Damian Hinds, social mobility and some  key truths

Myths, delusions and truths about social mobility


There was a Westminster Hall debate  last week, led by Tory MP, Damian Hinds, on Social Mobility. Hinds is Chairman of the All Party Parliamentary Group on Social Mobility which has just produced an ‘Interim’  report on Social Mobility.

There is much nonsense talked about social mobility, generally, and evidence produced and cherry picked to   suit particular agendas, with  some of it of pretty dubious quality. Alan Milburn,who advises the government on social mobility, when given the opportunity by the Times recently,  to expound  on the subject, droned on about removing private schools charity status, (it’s a bit of a persistent  bee in his bonnet) as  if this was  a key lever to improve social mobility.  What a wasted opportunity! The think tank Civitas’ report ‘ Social Mobility Delusions’ helps rebalance the facts and arguments.  England is, apparently, more socially mobile than Germany, France and Italy, according to sociologist Peter Saunders, the report’s author and ‘Social mobility is the norm in Britain, not the exception, and it occurs in both directions across the entire range of the occupational class structure’. You may not believe this and think that it is counterintuitive nonsense, but the report encourages one to look a little more carefully at the objective facts and also challenges some of the research being published by the Sutton Trust, which has such an influence on the  current debate.  The Trust is the nearest thing we have to motherhood and apple pie  when it comes to matters related to educational disadvantage and social mobility  so there is no harm in putting their research into the spotlight.(It was Anthony Sampsons ‘Anatomy of Britain’  in the 1960s which first raised   issues about the privileged  public school elite running the country)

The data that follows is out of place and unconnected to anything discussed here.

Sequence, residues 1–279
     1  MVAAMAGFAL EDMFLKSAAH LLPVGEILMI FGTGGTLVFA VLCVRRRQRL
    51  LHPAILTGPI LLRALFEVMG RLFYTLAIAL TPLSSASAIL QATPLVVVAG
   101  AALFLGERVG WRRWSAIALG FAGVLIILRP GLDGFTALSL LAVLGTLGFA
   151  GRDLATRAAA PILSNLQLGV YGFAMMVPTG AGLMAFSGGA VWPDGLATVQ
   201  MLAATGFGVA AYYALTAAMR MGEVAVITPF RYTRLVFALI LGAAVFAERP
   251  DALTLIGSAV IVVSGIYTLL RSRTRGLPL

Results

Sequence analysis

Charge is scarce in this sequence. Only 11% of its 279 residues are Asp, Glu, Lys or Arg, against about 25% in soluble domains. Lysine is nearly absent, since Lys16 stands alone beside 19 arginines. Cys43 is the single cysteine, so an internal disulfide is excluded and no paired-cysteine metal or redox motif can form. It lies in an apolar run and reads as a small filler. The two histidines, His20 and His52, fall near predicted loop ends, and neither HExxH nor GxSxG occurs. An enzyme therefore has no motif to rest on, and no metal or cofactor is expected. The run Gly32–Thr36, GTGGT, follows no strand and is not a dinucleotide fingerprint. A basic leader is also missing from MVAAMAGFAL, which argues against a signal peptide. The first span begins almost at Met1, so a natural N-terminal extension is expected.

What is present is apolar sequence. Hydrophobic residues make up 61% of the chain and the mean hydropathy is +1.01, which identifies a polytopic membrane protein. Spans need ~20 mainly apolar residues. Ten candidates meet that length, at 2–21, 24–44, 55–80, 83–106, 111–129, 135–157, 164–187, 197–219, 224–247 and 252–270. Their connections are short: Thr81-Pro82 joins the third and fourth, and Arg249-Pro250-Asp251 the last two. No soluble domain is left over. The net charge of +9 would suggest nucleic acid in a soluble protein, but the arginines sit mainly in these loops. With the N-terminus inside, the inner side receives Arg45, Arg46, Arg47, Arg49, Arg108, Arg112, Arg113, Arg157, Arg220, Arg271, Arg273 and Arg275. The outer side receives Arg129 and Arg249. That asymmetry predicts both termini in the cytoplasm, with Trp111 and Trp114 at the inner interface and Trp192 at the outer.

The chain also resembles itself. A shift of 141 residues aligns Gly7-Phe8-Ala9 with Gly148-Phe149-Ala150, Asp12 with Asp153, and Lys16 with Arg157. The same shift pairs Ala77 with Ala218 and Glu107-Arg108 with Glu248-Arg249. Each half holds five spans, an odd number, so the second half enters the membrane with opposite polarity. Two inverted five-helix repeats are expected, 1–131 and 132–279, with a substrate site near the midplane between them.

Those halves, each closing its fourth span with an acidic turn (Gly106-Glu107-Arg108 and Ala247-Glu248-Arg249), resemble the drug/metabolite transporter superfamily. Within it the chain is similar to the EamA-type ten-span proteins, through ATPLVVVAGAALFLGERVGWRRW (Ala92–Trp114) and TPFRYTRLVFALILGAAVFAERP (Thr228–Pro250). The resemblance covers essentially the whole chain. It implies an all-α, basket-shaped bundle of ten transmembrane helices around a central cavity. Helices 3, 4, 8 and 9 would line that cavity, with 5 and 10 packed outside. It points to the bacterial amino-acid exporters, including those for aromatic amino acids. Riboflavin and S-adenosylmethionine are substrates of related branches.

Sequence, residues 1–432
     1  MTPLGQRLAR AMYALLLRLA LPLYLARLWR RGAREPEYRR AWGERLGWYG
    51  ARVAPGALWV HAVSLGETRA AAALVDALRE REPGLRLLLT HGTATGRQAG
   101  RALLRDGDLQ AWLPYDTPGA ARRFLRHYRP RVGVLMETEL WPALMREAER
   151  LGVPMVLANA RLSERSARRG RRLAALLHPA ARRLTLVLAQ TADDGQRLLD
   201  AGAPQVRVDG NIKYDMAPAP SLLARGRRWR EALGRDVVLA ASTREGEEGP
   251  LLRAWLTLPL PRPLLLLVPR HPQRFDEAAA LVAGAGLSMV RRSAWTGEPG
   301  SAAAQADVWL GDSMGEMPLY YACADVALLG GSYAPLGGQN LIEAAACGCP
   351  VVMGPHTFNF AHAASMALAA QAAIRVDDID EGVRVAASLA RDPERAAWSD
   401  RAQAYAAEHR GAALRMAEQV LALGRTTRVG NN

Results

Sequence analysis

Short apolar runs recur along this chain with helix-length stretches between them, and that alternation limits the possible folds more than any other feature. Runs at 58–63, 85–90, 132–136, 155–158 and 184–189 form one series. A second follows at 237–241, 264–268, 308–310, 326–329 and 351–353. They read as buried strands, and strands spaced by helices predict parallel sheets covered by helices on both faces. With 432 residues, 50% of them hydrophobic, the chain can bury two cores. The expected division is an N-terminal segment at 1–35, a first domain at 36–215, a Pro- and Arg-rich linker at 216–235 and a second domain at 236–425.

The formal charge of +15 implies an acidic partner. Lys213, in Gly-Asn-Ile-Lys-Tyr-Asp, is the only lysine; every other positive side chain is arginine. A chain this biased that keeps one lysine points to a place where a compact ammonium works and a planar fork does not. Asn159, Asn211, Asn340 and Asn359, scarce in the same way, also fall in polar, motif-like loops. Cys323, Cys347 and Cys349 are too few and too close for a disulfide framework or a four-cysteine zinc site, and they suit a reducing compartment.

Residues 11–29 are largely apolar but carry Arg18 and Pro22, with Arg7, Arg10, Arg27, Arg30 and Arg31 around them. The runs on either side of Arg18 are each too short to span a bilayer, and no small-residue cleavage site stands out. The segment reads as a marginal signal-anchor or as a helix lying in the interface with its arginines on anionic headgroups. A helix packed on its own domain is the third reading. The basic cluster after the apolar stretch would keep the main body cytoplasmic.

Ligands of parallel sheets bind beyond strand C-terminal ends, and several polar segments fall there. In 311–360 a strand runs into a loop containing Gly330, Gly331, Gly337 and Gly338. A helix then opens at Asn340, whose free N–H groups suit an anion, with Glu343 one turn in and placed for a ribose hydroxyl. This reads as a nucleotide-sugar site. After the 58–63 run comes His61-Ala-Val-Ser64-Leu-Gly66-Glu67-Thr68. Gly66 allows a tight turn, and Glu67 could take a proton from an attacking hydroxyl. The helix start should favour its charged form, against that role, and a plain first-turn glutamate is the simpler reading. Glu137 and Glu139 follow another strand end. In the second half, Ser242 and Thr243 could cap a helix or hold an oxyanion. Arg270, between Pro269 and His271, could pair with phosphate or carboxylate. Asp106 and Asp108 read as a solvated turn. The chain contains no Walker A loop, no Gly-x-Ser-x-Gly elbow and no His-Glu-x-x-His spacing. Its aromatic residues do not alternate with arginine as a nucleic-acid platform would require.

The All -party Groups Interim report seems to make quite a lot of sense. Usefully, Hinds reiterated in the  Westminster Hall debate the  seven basic truths they identified  about social mobility.

‘First, the point of greatest leverage is what happens between the ages of 0 and 3, right at the start of life. That means primarily at home. Secondly, the cycle may be broken through education. Thirdly, the single most important controllable factor in education is the quality of teachers and teaching. Fourthly, what happens not just at school, but after the school bell rings—in the evenings and at weekends and in the holidays—is relevant. Fifthly, university is the most important swing factor of achievements later in life. Pre-18 attainment dictates whether someone gets there, so pre-18 attainment is key. Sixthly, people should not give up, because it is possible to get back on the ladder and to go up it. Later pathways to mobility are possible as long as the will and the support are there. Seventhly, personal resilience and emotional well-being are the missing link in the chain, and permeate those different levels and life stages.’



Note- Conor Ryan who was an adviser to David Blunkett  has just joined the Sutton Trust



  1. Hence Ovid’s sententious: summa petit livor…envy aims very high. Which, if they had had a decent education, some of the voices you refer to Patrick might know… and hence avoid.

  2. It sounds like social mobility is seen by many as a game of snakes and ladders. Maybe another way of looking at success in life is the achievement of the aims and aspirations that enable us to be in our element, as Ken Robinson would say. Which may or may not involve going to university, which of course not everyone can do and not everyone wants to do. Those seven points are well and good, but it’s not true to say “Pre-18 attainment dictates whether someone gets [to university]”. Cleary there are thousands of individuals who only become motivated to work hard at examinations after the age of 18, and who then go on to higher education. Motivation is a key factor throughout life, and this isn’t really mentioned here.

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